U.S. Import Prices Fall for Second Straight Month in November

tendata blogTrade Trends News

ten data blog18-12-2023

us import,us imports,us import fall

U.S. import prices fell for a second straight month in November as the cost of energy products and automobiles declined, signaling that import deflation may help lower domestic inflation next year.

The U.S. Labor Department's Bureau of Labor Statistics said Thursday that import prices fell 0.4 percent last month. October data were revised to show a 0.6 percent drop in prices, not 0.8 percent as previously reported. Economists polled by Reuters had previously forecast a 0.8 percent drop in import prices excluding tariffs.

In the 12 months to November, import prices fell 1.4 percent following a 1.8 percent drop in October. Annual import prices have now fallen for 10 consecutive months.

Data this week showed that consumer prices rose moderately in November and producer prices were unchanged. Although inflation remains above the Fed's 2% target, the scope of price increases is becoming less widespread.

The Fed held interest rates steady on Wednesday and said in its new economic forecast that the historic monetary policy tightening 2024 implemented over the past two years is coming to an end and borrowing costs will be lower.

Since March 2022, the Fed has raised its policy rate by 525 basis points to its current range of 5.25%-5.50%. Financial markets favor a rate cut as early as May, according to the CME Group's FedWatch tool.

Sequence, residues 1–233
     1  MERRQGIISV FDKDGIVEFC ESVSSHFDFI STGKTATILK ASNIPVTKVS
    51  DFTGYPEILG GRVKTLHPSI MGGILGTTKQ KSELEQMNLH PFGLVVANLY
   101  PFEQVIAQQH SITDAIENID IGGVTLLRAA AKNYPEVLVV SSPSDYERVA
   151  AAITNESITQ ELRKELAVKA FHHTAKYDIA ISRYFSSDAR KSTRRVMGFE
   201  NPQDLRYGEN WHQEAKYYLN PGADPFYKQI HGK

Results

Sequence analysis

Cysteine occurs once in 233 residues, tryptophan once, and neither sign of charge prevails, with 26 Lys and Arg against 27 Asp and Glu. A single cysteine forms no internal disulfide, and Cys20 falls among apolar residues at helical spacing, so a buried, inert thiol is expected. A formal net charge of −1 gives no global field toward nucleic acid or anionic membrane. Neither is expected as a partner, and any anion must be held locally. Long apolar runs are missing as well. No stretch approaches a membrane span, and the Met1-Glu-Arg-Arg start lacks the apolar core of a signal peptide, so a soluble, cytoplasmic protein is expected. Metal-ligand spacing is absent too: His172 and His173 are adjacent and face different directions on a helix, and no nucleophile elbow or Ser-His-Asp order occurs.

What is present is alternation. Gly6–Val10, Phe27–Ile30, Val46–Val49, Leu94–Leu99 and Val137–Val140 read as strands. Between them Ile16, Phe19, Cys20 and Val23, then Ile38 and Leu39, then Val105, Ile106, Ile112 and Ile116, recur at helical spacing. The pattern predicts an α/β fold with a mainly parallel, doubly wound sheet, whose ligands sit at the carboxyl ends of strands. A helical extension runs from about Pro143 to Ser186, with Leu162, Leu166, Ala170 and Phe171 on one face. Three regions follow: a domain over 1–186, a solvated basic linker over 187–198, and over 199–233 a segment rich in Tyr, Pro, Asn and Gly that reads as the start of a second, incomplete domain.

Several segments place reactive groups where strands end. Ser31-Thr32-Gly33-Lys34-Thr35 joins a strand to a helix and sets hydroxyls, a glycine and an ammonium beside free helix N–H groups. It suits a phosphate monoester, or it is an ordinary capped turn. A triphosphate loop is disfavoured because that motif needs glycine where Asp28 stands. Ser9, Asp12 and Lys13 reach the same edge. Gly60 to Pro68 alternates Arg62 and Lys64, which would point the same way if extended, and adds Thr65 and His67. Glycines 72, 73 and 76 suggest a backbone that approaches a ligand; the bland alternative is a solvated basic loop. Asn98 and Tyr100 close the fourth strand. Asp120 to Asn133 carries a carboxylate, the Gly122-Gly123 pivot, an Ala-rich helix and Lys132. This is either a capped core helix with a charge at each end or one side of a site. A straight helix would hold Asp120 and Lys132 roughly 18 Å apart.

Imported fuel prices fell 5.6%, extending October's 3.7% decline. Imported food costs rebounded 0.9% after falling 0.5% from a year earlier.

Import prices excluding fuel and food rose a modest 0.1% following a 0.1% decline in October. These so-called core import prices fell 0.6% year-over-year in October.

Prices for imported capital goods were unchanged after slipping 0.1% the previous month. The cost of automobiles, parts, and engines fell 0.1% following a 0.3% increase in October.

Consumer goods (excluding autos) were unchanged following a 0.1% decline in the prior month. Higher borrowing costs are cooling domestic demand.

Prices of goods imported from China fell 0.1% after being unchanged in October. They were down 2.9% year-on-year in November.

The report also showed that export prices fell 0.9% in November, in line with October's decline. Agricultural export prices rose 0.2%, boosted by fruit and soybeans. However, prices for corn, meat, and other food and food preparations fell.

Nonagricultural export prices fell 1.0 percent. Export prices fell 5.2% in November, following a 4.7% decline in October.

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